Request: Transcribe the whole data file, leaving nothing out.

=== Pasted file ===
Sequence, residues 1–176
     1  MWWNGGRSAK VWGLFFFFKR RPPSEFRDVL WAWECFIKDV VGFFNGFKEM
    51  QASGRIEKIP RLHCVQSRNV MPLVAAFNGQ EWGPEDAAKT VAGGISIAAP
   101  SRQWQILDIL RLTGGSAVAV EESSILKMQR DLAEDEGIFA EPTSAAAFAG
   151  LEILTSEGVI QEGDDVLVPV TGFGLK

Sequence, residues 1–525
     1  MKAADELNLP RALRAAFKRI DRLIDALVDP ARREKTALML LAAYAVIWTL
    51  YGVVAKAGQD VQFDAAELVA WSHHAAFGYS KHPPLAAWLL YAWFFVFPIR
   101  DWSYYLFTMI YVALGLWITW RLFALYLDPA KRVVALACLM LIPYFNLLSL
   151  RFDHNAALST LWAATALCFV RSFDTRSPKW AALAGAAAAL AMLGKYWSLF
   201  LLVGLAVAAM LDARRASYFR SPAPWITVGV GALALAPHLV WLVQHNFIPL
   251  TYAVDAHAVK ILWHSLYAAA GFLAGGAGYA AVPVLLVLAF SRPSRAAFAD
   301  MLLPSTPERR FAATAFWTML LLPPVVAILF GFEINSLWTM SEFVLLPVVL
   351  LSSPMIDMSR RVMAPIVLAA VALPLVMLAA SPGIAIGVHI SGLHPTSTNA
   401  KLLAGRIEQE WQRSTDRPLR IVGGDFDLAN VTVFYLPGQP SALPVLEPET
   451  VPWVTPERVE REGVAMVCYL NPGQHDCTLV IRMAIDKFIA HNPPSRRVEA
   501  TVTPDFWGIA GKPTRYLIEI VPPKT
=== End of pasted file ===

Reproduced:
Sequence, residues 1–176
     1  MWWNGGRSAK VWGLFFFFKR RPPSEFRDVL WAWECFIKDV VGFFNGFKEM
    51  QASGRIEKIP RLHCVQSRNV MPLVAAFNGQ EWGPEDAAKT VAGGISIAAP
   101  SRQWQILDIL RLTGGSAVAV EESSILKMQR DLAEDEGIFA EPTSAAAFAG
   151  LEILTSEGVI QEGDDVLVPV TGFGLK

Sequence, residues 1–525
     1  MKAADELNLP RALRAAFKRI DRLIDALVDP ARREKTALML LAAYAVIWTL
    51  YGVVAKAGQD VQFDAAELVA WSHHAAFGYS KHPPLAAWLL YAWFFVFPIR
   101  DWSYYLFTMI YVALGLWITW RLFALYLDPA KRVVALACLM LIPYFNLLSL
   151  RFDHNAALST LWAATALCFV RSFDTRSPKW AALAGAAAAL AMLGKYWSLF
   201  LLVGLAVAAM LDARRASYFR SPAPWITVGV GALALAPHLV WLVQHNFIPL
   251  TYAVDAHAVK ILWHSLYAAA GFLAGGAGYA AVPVLLVLAF SRPSRAAFAD
   301  MLLPSTPERR FAATAFWTML LLPPVVAILF GFEINSLWTM SEFVLLPVVL
   351  LSSPMIDMSR RVMAPIVLAA VALPLVMLAA SPGIAIGVHI SGLHPTSTNA
   401  KLLAGRIEQE WQRSTDRPLR IVGGDFDLAN VTVFYLPGQP SALPVLEPET
   451  VPWVTPERVE REGVAMVCYL NPGQHDCTLV IRMAIDKFIA HNPPSRRVEA
   501  TVTPDFWGIA GKPTRYLIEI VPPKT